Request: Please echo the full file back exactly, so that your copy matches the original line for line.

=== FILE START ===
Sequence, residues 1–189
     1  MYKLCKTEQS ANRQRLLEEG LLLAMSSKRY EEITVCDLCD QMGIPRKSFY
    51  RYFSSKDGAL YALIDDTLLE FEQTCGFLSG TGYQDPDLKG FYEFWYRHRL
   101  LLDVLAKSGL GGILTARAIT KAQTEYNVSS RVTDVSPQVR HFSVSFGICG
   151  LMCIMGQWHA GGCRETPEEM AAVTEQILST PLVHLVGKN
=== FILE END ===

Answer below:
Sequence, residues 1–189
     1  MYKLCKTEQS ANRQRLLEEG LLLAMSSKRY EEITVCDLCD QMGIPRKSFY
    51  RYFSSKDGAL YALIDDTLLE FEQTCGFLSG TGYQDPDLKG FYEFWYRHRL
   101  LLDVLAKSGL GGILTARAIT KAQTEYNVSS RVTDVSPQVR HFSVSFGICG
   151  LMCIMGQWHA GGCRETPEEM AAVTEQILST PLVHLVGKN